You’ll need at least a 20-gallon tank for a school of 3 loaches. Like the Neon Tetras, they like to school. Be sure to keep a lid on it because they’ve been known to sneak out of the tank. You shouldn’t be scared of it jumping out at you, but rather, making sure it doesn’t jump out of the tank by accident.
You’ll also need to some sand at the bottom of the tank. The loach will spend the majority of its time sifting around the bottom looking for food. You can’t use sharp objects like rocks or pointy decor because it’ll easily injure itself. They really like to touch everything they come across, so make sure your decor is in check
Other than that, the Kuhli loach makes an excellent beginner pet for kids. It’s not a fish, but some kids may be interested in just keeping something out of the ordinary. This loach does cost a bit more upfront, but the novelty of owning a loach pays for itself. They also can be kept with other tankmates as well.
4. Barbs (Cherry)
Barbs are hardy fish that are excellent for kids and newbies to the aquarium hobby. They come in a rainbow of assorted colors so you can literally pick and choose which one you want. They do have specific requirements, but they all nearly overlap each other. If you plan on mixing barbs, be sure to look up each one’s specific habitat requirements before you toss ‘em in.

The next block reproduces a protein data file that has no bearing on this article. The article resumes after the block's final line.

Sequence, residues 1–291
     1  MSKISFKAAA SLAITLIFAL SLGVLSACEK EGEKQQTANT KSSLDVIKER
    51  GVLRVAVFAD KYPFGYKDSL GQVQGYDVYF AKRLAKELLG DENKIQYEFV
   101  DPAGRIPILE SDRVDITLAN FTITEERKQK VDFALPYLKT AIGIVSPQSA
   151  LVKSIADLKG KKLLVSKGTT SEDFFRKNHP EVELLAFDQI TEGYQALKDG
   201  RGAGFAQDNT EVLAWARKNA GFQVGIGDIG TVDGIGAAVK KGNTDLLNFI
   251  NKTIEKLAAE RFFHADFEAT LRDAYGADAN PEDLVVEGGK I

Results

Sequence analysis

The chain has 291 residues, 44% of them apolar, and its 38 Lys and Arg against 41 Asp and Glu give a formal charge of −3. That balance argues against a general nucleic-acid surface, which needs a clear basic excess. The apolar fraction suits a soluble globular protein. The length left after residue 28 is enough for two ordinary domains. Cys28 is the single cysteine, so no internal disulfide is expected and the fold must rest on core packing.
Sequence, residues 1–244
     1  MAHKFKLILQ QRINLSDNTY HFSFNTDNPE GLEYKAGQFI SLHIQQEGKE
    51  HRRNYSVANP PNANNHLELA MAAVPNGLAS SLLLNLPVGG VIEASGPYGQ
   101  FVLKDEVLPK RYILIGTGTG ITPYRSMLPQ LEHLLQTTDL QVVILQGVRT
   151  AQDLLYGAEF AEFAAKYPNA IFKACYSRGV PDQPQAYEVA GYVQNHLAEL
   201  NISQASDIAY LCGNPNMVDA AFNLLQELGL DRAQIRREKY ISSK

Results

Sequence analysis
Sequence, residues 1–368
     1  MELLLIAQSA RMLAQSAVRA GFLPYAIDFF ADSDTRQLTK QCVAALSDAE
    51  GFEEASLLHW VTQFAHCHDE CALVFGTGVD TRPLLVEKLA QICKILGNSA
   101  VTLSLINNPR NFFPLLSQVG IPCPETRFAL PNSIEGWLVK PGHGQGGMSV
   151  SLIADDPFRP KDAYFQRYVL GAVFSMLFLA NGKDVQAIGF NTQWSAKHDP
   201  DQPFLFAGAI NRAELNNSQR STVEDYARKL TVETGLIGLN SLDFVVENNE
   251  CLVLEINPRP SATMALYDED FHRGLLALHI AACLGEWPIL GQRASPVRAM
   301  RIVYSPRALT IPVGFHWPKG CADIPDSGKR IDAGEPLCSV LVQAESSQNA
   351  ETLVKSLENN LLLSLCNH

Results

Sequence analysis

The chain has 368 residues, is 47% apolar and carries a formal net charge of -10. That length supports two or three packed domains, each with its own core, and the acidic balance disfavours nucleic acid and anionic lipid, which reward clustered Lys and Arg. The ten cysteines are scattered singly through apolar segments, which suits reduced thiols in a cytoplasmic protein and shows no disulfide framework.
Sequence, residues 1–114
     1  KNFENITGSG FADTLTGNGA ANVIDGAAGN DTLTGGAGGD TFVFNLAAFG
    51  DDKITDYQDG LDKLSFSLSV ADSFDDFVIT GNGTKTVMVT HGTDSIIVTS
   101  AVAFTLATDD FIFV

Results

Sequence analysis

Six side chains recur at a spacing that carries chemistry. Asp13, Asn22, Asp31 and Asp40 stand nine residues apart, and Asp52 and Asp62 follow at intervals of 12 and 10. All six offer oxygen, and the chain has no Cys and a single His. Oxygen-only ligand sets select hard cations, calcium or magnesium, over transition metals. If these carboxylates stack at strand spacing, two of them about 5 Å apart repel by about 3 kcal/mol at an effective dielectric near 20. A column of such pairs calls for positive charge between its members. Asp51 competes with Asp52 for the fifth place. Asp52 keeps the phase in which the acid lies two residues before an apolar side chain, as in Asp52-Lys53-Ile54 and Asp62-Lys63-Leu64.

The most popular Barb (and one of my favorites) is the Cherry Barb. This a slender Barb compared to the other Barbs in the bunch. They have a thinner profile and seem to swim faster as well. They generally have a golden strip going through their body, which makes them have a distinctive look.
Cherry Barbs need a larger tank (preferably 40 gallons) with plenty of plants- whether fake or real. You can also add wood, stones, and driftwood to fully decorate your tank. If you plan to make this fish tank a big project and want to go all out with your creative side, then choosing a Barb would be a good choice. They like lots of objects to hide in, but also need plenty of space to swim around. They’re generally shy and prefer to hide unless food is present.
Cherry Barbs are also peaceful fish and do well with lots of other types of fish so you can house them together. Water conditions are on the temperate side ranging from 75-80F with a pH of 6.0-7.0.
Like any other fish, you’ll need a good power filter. A HOB filter is a necessity. You’ll also need a heater if you live in a cooler environment as well. Water quality is very important to bring out the best in your fish.